For primary cells, patient recruitment followed written informed consent process according to the Declaration of Helsinki. Lymph nodes were collected from follicular lymphoma patients and patients with reactive nonmalignant disease, considered as healthy donors. Biopsies were performed at the University Hospital of Rennes. Cell suspensions were obtained as previously described (23). For coculture experiments with stromal cells, B cells are purified by negative selection (B cell isolation Kit; Miltenyi Biotec). Stromal cells were obtained from tonsils from children undergoing routine tonsillectomy (HD-RESTO) or from follicular lymphoma lymph nodes (FL-RESTO) as previously described (7). Mesenchymal stromal cells (MSC) were generated from bone marrow aspirates obtained from either follicular lymphoma patients or healthy donors undergoing cardiac surgery as previously described (26). Cell lines used in this study are Burkitt lymphomas cell lines (BL2, RAMOS, DAUDI, and RAJI) and follicular lymphoma-transformed cell lines (SUDHL4, DOHH2, and RL). All these cell lines were tested every 6 months with HLA typing. The BL2 cell line was provided by J. Wiels (IGR, Villejuif, France). RAMOS, DAUDI, RAJI, and SUDHL4 cell lines were a generous gift from C. Bastard (Centre Becquerel, Rouen, France). DOHH2 and RL cell lines were obtained from the DSMZ.

Chemicals and antibodies

KillerTRAIL was purchased from Alexis Biochemicals. Celecoxib was obtained from LKT Laboratories. FITC-CD19 and FITC-CD20 antibodies were purchased from Beckman Coulter), Alexa-Fluor 647-CD105 antibody was from Biolegend. 7-AAD, FITC-BrdU flow kit, and anti-active caspase-3 apoptosis kit were from Becton Dickinson. The Mcl1, Bax, and active-Bax antibodies were obtained from BD Biosciences and survivin antibody from R&D Systems. CHOP antibody was from Cell Signaling Technology and β-actin antibody was from Sigma-Aldrich. The peroxidase-conjugated-goat anti-mouse or anti-rabbit antibodies were purchased from Bio-Rad. Rituximab (Roche) was a gift from T. Lamy (CHU, Rennes, France).

Apoptosis assay

B-cell lines or primary B-cells were cultured alone or with 30 μmol/L celecoxib, with or without rituximab (1 μg/mL). After 1 hour, cells were cotreated or not with killerTRAIL during 24 hours. B-cell apoptosis was evaluated with a PE-conjugated anti-active caspase-3 apoptosis kit (BD Biosciences). Apoptotic B cells were analyzed by flow cytometry on selectively gated CD19posCD20posCD105neg active caspase-3pos cells. Stainings were analyzed using a Gallios cytometer and Kaluza (Beckman Coulter).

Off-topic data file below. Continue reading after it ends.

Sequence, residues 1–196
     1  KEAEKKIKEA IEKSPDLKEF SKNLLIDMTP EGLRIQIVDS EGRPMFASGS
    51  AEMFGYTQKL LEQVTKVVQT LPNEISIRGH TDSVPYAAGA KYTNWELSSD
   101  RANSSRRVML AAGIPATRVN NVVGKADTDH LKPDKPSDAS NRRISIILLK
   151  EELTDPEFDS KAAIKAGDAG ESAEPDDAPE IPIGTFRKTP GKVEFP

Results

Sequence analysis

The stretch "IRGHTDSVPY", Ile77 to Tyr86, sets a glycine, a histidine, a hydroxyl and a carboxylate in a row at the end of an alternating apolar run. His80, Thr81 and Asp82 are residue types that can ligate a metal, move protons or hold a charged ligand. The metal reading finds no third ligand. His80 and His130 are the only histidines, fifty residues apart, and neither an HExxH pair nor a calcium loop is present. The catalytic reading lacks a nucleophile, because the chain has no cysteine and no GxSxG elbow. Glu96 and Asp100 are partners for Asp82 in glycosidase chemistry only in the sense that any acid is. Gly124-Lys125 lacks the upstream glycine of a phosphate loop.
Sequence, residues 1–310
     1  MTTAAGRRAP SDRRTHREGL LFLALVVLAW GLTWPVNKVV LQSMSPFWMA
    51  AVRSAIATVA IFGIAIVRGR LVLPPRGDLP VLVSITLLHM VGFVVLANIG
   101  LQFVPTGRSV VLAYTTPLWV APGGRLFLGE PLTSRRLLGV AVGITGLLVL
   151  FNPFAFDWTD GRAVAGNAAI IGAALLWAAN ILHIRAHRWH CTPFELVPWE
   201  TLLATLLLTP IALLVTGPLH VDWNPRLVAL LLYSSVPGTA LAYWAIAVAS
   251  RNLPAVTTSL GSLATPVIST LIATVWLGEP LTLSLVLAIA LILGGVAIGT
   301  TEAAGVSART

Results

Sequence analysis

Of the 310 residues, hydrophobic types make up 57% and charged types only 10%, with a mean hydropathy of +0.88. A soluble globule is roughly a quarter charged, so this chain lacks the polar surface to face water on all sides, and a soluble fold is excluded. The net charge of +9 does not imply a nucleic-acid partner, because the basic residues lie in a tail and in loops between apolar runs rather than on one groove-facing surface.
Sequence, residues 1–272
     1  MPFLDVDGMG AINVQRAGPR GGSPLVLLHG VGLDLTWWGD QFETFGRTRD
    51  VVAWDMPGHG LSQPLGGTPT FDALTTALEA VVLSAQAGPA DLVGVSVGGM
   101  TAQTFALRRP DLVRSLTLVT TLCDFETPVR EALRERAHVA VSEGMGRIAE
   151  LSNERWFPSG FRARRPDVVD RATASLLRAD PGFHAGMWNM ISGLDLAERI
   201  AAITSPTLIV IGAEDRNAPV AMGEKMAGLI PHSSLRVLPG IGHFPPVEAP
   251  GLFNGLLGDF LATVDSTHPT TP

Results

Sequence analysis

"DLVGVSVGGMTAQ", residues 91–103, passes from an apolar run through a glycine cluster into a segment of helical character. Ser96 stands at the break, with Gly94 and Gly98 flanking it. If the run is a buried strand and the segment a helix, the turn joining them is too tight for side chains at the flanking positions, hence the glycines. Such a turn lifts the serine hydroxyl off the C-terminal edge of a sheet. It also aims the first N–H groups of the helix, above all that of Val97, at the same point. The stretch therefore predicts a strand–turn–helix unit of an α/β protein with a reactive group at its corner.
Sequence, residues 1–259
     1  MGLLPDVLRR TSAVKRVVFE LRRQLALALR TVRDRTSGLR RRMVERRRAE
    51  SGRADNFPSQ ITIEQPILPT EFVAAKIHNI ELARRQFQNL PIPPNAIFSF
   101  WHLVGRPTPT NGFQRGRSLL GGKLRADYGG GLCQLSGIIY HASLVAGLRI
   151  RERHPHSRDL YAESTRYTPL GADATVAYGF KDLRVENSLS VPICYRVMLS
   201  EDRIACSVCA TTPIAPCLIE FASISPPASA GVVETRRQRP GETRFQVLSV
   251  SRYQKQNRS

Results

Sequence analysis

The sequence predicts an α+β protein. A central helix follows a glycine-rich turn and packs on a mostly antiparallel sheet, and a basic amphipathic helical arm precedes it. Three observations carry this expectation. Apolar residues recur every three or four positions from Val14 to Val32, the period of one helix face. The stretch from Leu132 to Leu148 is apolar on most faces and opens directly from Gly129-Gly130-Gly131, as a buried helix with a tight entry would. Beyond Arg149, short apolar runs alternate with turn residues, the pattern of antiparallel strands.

B-cell proliferation

After treatment with 30 μmol/L celecoxib or dimethyl sulfoxide (DMSO) for 24, 48, 72, and 96 hours, absolute number of TOPRO-3negCD19posCD20pos viable B cells was evaluated with FlowCount beads (Beckman Coulter).

Cell cycle

B-cell lines were pulsed with 10 μmol/L BrdUrd, washed 3 times and cultured at 105 cells/mL. One million cells were harvested for each condition, fixed, and permeabilized (FITC-BrdU Flow Kit, BD Pharmingen). After 7-AAD staining, cell-cycle phases were analyzed on BrdUrdpos cells using ModFit software (Verity Software House).

PGE2 quantification

PGE2 were quantified using the Prostaglandin Screening EIA Kit (Cayman chemical) in the supernatants of stromal cells.

Quantitative real-time PCR

RNA was extracted using RNeasy Mini Kit (Qiagen). cDNA was synthesized using SuperScript II reverse transcriptase (Invitrogen). Quantitative real-time PCR was performed using the TaqMan Universal PCR Master Mix and Assays on Demand from Applied Biosystems. Gene expression levels were quantified using glyceraldehyde-3-phosphate dehydrogenase (GAPDH) as endogenous control.

Western blot analysis

After treatment, cells were lysed in radioimmunoprecipitation assay buffer and 30 μg proteins were separated by 4%–12% gradient SDS-PAGE and transferred to a PVDF membrane (Millipore).

Protein array

Modification of protein expression was evaluated with protein array kits delivered by R&D systems. For the human phospho-MAPK array kit, SUDHL4 cells were stimulated or not with 30 μmol/L celecoxib for 20 minutes. For the human apoptosis array kit, 30 μmol/L celecoxib was added for 6 hours.

ROS detection